Tentative diagnosis: Azotemia due to chronic renal failure (CRF).
Further diagnostic tests:
* Abdominal radiography/ultrasound to demonstrate decreased size of kidneys.
* Urine creatinine:protein ratio.
* Renal biopsy (not commonly performed).
* Blood pressure to demonstrate hypertension.
Isosthenuria is a common finding in chronic renal failure when two thirds of the functioning nephrons are lost.
Azotemia is seen when at least three fourths of the functioning nephrons are lost. Azotemia presents with increased BUN, creatinine, GI, and neurological clinical signs. This patient’s presentation would suggest that she has lost at least three fourths of her functioning nephrons.
Predisposing factors for CRF are age, chronic obstruction, infection, heart failure, and tubular disease. A urine sample taken from this patient, via a cystocentesis, ruled out bacterial infection. Patient’s heart sounded normal on auscultation. The renal failure was attributed to her age.
Management of chronic renal failure is a multifactor process. Most importantly hydration and electrolytes must be maintained with in normal limits. An appropriate renal diet will be low in protein, phosphorous, and sodium. Some other factors which must be addressed in the management of chronic renal failure include anemia, proteinuria, and gastrointestinal processes.
Anemia is due to decreased production of erythropoietin by renal peritubular cells. The anemia could also be from blood loss via GI ulcers, or iatrogenic from blood draws. The anemia is non-regenerative normochromic normocytic.
Treatment of anemia with erythropoietin (EPO) is indicated when the PCV falls below 18% and the patient is showing clinical signs of anemia/hypoxia. Caution must be used with EPO since it is of human origin. Dogs can produce antibodies against it. In severe anemia requiring immediate relief of clinical signs a blood transfusion can be done.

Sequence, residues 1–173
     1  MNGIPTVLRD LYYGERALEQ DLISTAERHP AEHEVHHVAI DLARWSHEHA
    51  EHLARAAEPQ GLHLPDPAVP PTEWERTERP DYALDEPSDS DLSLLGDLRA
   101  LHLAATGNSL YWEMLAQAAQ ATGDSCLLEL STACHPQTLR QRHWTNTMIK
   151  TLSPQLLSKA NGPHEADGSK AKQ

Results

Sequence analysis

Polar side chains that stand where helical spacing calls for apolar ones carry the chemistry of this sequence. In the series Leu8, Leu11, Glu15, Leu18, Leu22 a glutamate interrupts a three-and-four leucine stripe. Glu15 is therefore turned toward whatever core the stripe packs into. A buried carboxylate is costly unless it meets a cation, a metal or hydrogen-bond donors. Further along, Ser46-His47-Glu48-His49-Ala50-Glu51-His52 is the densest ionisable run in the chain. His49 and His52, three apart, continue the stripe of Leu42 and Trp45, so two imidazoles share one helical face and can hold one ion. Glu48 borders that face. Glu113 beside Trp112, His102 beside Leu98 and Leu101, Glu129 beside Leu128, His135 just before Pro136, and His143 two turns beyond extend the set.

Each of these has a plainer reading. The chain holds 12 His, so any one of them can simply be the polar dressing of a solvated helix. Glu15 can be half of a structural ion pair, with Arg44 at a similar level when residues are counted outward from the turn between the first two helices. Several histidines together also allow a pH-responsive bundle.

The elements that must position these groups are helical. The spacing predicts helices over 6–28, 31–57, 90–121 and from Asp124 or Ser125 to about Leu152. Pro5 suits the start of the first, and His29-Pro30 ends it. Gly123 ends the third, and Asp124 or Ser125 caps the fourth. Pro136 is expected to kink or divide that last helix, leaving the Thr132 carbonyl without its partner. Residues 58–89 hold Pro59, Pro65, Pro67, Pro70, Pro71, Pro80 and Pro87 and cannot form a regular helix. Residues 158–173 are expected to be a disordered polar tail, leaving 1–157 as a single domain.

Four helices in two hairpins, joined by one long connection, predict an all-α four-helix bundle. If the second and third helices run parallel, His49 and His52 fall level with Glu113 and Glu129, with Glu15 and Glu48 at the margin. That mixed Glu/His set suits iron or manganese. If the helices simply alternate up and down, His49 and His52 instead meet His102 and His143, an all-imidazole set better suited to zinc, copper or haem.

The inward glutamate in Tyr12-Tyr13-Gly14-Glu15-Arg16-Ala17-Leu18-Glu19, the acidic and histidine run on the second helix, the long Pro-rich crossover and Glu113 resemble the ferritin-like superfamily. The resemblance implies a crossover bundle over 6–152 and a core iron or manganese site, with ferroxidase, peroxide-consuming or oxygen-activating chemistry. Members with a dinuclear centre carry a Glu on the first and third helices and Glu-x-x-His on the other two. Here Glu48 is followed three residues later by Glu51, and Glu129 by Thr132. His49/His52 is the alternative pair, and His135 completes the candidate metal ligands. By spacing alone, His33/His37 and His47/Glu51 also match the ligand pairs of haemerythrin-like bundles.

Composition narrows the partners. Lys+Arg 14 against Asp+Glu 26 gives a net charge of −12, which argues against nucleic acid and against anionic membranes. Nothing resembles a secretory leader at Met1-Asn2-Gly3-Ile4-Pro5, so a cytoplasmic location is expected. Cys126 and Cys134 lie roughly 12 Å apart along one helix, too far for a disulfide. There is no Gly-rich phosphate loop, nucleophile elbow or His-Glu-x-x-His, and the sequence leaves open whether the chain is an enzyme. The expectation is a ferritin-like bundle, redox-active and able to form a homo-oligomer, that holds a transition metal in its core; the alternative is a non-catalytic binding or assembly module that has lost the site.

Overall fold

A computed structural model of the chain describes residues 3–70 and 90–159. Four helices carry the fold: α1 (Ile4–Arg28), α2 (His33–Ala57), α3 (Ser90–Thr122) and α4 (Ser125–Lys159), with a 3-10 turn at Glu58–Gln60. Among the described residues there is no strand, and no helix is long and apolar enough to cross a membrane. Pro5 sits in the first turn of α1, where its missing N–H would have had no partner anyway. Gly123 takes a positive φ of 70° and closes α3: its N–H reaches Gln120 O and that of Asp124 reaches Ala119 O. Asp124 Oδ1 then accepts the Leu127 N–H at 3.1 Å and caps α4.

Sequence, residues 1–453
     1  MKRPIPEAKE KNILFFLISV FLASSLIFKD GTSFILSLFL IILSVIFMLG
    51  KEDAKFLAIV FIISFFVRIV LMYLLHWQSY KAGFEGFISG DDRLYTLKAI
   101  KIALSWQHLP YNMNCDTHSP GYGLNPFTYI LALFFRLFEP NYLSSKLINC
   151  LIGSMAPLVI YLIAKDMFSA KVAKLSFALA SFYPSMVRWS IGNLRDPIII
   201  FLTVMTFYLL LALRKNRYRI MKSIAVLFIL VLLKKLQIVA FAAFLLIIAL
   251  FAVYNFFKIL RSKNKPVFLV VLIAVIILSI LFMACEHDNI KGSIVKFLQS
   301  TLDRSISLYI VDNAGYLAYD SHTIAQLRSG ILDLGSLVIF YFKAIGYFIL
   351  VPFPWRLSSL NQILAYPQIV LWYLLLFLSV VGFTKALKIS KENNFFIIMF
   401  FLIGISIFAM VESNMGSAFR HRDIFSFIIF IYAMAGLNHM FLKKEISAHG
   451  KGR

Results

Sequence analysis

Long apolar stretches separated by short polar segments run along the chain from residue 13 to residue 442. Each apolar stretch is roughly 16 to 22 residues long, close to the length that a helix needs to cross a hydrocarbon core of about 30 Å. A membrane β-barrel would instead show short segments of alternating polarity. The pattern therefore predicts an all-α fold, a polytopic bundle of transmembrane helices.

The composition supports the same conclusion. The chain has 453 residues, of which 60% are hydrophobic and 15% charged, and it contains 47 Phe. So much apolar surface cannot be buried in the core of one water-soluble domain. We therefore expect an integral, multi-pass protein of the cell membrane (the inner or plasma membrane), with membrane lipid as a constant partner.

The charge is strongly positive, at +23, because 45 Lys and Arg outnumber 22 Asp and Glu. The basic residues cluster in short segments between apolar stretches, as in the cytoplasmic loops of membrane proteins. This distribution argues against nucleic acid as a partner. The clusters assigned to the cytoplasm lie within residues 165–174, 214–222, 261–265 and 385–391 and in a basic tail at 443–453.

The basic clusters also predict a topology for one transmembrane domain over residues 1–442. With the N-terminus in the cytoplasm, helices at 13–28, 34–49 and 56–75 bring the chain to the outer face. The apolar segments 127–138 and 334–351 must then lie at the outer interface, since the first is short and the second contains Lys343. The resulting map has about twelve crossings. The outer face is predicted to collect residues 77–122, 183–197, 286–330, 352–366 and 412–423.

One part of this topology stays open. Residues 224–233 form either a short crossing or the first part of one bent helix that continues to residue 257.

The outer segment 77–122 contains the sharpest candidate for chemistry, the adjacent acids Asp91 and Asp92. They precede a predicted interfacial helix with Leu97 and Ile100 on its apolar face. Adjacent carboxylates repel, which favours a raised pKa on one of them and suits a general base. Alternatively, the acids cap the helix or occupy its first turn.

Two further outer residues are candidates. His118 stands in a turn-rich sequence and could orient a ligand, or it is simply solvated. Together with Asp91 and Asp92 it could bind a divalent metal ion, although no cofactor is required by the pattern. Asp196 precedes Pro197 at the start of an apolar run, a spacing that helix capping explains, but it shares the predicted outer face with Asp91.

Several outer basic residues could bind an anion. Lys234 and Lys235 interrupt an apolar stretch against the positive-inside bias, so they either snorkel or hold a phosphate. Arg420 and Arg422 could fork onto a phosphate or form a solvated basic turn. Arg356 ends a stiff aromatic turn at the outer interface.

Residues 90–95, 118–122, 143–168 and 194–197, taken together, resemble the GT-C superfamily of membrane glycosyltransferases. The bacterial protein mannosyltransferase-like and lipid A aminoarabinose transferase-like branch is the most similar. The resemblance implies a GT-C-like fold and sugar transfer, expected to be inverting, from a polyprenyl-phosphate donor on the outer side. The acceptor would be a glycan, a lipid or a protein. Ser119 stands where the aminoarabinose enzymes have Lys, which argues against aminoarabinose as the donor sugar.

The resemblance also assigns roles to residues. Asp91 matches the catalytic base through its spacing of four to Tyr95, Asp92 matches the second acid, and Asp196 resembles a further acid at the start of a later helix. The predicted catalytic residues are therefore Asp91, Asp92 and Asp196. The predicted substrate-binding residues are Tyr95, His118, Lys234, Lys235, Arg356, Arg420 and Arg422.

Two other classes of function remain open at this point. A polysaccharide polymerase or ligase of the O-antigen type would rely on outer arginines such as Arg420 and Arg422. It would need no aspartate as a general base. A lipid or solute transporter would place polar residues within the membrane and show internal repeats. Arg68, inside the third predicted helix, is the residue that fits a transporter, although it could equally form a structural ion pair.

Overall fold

Proteinurea is seen because glomeruli have been damaged enough to allow loss of protein and anti-thrombin III. This decreases oncotic pressure, leading to edema. The loss of anti-thrombin III causes coagulation issues. Many of these patients have pulmonary thromboembolism as a complication.
These patients can be treated with angiotensin converting enzyme inhibitors which decreases the pressure in the glomeruli by dilating the efferent renal artery. This decrease in pressure helps prevent loss of proteins into the urine. Canine patients with CRF and proteinuria tend to have a decreased survival.
GI ulcers and nausea and vomiting are the common clinical signs seen. Uremic toxins activate the chemoreceptor trigger zone which leads to the nausea and vomiting. These uremic toxins also increase gastrin production which increases hydrochloric acid production in the stomach, leading to GI ulcers.
These complications are treated by decreasing the uremic toxins via hydration; protecting the stomach by decreasing acid production, and controlling the nausea and vomiting by blocking the chemoreceptor trigger zone. Acid production can be decreased using histamine blockers or proton pump inhibitors. Sucralfate can be used to protect/coat ulcers. The nausea can be controlled with medication targeted at dopamine antagonism, serotonin, or neurokinin.
– Fluid diuresis to decrease azotemia
* * Maintenance: 60ml/kg/24 hours = 2100ml
* * Deficit (5%) = 1715ml
* * Total fluid/day = 3850ml (160ml/hr)
– Decrease gastric acid and control N/V
* * Famotidine 20mg Q12 hours
* * Anti-emetic - Cerenia (maropitant citrate)
* * BUN, Creatinine, Phosphorus every 48 hours
* * PCV and TP daily
Labels: Chronic Renal Failure